Click fraud keeps popping up in marketing news. In a double-whammy, Google announced a tool to let you examine click fraud abuse, and a Judge OK’d a $90 million dollar settlement between advertisers and Google. This was a classic case of, “OK, it’s an issue, and here’s what we’re going to do about it” and appears to be a reversal of Google CEO Eric Schmidt’s let it happen attitude.
MSN just got into the paid search business, with Ad Center. The paid search industry is currently about a $7 billion, with expectations for it to grow to $10 billion, by 2009. It’s in the spirit of protecting this growing piece of pie that Google, Yahoo and MSN announced last week a joint effort to publish click fraud measurement guidelines. Are Yahoo, MSN and Google going to pull together over something that’s just “self correcting” anyway? Hmmmmm.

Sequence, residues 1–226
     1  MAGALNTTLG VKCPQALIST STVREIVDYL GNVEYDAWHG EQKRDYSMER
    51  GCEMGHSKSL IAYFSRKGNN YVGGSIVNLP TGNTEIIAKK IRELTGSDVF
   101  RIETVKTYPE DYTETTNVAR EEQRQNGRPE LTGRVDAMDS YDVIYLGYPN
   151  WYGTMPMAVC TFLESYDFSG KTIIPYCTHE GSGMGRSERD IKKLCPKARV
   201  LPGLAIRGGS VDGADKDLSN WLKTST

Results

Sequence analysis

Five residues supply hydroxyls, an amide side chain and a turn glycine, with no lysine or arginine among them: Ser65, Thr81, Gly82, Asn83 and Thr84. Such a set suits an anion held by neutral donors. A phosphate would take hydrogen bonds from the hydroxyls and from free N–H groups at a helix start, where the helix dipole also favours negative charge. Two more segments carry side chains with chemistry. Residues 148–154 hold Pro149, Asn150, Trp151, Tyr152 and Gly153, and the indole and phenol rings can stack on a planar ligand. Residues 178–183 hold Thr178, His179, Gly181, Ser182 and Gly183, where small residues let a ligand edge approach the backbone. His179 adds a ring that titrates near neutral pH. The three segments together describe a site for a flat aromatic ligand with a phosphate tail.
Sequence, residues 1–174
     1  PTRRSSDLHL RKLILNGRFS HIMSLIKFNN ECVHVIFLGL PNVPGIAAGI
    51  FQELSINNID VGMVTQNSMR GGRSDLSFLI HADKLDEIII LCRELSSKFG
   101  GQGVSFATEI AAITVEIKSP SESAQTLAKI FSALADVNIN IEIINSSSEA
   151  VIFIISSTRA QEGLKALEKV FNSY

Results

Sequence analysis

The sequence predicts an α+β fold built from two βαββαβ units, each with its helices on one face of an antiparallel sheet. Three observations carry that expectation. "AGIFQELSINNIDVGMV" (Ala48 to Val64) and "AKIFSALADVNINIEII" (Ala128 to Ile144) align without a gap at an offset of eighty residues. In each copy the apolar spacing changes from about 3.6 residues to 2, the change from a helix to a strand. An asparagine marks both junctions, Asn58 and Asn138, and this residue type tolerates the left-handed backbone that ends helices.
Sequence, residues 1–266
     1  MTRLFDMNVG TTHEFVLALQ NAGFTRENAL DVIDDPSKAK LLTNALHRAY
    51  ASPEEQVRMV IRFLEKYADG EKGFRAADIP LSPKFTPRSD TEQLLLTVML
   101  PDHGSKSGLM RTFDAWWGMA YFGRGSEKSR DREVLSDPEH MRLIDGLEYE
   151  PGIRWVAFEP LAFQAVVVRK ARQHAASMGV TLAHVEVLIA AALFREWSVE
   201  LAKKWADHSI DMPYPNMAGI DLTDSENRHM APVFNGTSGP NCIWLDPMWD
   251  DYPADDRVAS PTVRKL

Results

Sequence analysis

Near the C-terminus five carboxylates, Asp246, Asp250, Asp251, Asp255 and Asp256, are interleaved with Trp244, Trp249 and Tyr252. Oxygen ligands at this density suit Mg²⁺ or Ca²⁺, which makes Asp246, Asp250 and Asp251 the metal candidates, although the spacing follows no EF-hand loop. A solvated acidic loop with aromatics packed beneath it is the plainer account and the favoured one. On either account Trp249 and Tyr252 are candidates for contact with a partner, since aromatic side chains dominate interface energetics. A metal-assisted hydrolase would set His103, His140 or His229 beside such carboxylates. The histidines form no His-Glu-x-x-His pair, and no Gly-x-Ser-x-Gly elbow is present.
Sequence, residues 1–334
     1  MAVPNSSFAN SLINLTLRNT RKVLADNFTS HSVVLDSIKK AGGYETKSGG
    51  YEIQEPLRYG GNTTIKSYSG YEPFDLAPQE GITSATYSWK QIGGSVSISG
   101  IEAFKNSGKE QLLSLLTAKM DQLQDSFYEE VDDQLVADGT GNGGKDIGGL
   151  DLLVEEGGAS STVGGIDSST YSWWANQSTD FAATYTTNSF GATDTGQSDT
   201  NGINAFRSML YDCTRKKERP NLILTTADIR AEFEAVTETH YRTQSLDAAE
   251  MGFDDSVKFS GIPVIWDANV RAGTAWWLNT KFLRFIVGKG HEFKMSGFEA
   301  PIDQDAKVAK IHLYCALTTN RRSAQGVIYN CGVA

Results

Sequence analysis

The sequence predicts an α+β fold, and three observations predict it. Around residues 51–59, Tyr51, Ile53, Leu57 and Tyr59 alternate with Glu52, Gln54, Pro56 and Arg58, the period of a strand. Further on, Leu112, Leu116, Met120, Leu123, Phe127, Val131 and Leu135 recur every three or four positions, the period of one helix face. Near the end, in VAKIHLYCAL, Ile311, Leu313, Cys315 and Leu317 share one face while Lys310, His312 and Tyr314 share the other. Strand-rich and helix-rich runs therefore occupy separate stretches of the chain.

So, this post ultimately is about the timeliness of HitTailing entering the scene, as the click fraud problem achieves more and more visibility. No matter what the hype or reality behind the size of teh click fraud problem, HitTailing is an excellent way to hedge your bets. Natural search is always the elephant in the room when discussing search marketing. And it is most often overlooked due to the perceived difficulties and obstacles to doing well in natural search.
The long tail principle turns these perceived difficulties on their head. Doing well in natural search is really quite easy when you get your expectations in order. Simply observe how people are finding you, and where you are not already coming up in the top positions. Make those topics into the subject line of a new blog post, and you’re likely to have just won a top position on that term. That’s just how natural search works. Sustained over time this process, known as HitTailing, can result in an awful lot of qualified natural search traffic building up–and offer a viable way to minimize exposure to click fraud.